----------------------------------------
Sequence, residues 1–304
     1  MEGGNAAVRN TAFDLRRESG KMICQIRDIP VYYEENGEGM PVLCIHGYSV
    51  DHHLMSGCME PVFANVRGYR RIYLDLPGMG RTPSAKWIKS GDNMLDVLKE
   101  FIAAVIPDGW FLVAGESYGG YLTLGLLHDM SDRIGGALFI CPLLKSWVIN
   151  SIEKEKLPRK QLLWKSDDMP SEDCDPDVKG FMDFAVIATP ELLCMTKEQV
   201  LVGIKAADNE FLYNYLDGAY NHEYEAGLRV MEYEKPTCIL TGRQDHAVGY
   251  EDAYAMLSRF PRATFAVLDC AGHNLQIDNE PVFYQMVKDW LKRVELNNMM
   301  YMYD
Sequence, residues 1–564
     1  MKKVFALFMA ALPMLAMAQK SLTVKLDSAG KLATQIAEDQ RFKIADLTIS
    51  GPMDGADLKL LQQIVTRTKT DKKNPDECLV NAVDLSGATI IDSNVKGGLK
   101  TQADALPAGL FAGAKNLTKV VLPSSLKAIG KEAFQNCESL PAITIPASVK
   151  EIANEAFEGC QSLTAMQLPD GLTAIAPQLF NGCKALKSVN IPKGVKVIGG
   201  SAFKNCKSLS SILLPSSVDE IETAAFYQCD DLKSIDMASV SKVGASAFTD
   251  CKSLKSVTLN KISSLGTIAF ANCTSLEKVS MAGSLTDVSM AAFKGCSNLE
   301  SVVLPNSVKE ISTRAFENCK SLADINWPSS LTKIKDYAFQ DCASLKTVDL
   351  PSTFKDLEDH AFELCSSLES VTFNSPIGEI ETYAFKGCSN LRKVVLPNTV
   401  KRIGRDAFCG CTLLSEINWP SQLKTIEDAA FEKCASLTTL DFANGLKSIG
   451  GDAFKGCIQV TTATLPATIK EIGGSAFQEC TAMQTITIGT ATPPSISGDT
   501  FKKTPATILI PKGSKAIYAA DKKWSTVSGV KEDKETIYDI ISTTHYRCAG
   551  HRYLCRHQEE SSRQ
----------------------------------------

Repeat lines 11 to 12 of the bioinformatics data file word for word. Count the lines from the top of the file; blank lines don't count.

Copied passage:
    51  GPMDGADLKL LQQIVTRTKT DKKNPDECLV NAVDLSGATI IDSNVKGGLK
   101  TQADALPAGL FAGAKNLTKV VLPSSLKAIG KEAFQNCESL PAITIPASVK